On the model of the sumo banzuke, people have actively listed the rankings of various things in parts of the east and west since the Edo period. One of those examples is a hot spring banzuke. Encouraged by the wide spread of hot springs as places for recuperation in the society of the Edo period, various hot spring banzuke were made. The top grade in the banzuke in the Edo period was Ozeki, but after the Meiji period, Yokozuna was added at the top.

<<Shokoku onsen kan>>

Onsen, vol.28, issue 7
Edited and published by Nihon onsen kyokai in 1960
NDL call no. Z8-270

Kinko oobanzuke 70yorui is a book on banzuke of all sorts of things, whose preface describes that "you can discuss things based on this book, or you can acquire knowledge of things and persons by reading this book." A hot spring banzuke across Japan ranks Ikaho Onsen in Gunma prefecture and Shiobara Onsen in Tochigi prefecture as Yokozuna. Note, however, that in the middle of this banzuke, some hot springs are assigned to three roles of operator side which come from sumo; torishimari (a tournament manager – not used now), gyoji (a sumo referee) and kanjinmoto (a promoter of a sumo tour), although they are supposed to be included in the rank.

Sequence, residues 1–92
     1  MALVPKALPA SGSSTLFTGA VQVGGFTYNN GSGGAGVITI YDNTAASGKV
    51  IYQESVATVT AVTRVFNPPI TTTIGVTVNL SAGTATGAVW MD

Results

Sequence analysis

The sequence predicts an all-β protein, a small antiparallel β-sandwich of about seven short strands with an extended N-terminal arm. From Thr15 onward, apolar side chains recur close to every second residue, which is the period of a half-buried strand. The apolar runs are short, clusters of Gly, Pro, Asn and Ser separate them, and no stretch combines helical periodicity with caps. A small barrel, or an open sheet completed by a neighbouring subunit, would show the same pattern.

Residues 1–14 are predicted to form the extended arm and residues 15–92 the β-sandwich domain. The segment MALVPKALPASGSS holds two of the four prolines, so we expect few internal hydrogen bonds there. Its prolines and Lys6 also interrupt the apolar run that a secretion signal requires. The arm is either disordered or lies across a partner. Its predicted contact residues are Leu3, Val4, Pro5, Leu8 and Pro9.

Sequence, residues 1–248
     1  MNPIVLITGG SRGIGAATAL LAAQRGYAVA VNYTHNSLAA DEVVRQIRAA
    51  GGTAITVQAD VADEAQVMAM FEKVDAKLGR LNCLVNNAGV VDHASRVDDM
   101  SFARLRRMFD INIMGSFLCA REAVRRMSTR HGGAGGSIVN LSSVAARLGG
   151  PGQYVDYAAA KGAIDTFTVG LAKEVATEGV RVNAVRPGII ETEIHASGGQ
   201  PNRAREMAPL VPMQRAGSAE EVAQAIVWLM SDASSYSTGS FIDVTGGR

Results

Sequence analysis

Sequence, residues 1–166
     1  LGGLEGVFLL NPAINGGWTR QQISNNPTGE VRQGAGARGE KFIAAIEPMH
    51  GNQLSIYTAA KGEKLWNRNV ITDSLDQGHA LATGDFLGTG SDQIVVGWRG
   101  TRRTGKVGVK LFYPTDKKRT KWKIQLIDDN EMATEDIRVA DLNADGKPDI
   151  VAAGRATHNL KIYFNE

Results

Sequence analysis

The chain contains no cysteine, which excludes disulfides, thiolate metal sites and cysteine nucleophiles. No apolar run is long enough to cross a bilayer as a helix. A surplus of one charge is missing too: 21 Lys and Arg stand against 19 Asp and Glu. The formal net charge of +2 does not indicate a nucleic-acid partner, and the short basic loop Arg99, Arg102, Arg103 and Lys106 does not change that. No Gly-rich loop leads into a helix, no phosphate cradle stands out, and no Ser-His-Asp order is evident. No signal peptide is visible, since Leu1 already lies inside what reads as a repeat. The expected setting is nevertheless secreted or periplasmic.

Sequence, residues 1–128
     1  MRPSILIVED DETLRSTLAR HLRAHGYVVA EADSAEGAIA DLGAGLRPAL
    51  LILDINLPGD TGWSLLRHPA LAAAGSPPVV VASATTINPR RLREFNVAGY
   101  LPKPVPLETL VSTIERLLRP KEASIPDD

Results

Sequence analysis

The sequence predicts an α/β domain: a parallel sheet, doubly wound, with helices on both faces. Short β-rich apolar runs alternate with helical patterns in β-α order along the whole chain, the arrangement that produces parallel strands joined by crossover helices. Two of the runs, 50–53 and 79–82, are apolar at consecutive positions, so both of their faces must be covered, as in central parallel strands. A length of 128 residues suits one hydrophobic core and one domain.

<<A hot spring banzuke across Japan>>

Kinko oobanzuke 70yorui
Edited by Tokyo Banzuke Chosakai
Published by Bunsankan Shoten in 1923
NDL call no. 109-274
* Available in the NDL Digital Collections

To the head of this page

Hot springs and Japanese paintings

Various illustrated whole maps of each hot spring area, along with guidebooks on hot springs, have been created all over Japan since the Edo period. Arimayamaonsenkokagami (NDL call no. 854-109), Shichito no shiori and others are equivalent to today’s sightseeing brochures of hot spring resorts in Japan in view of their detailed and accurate information.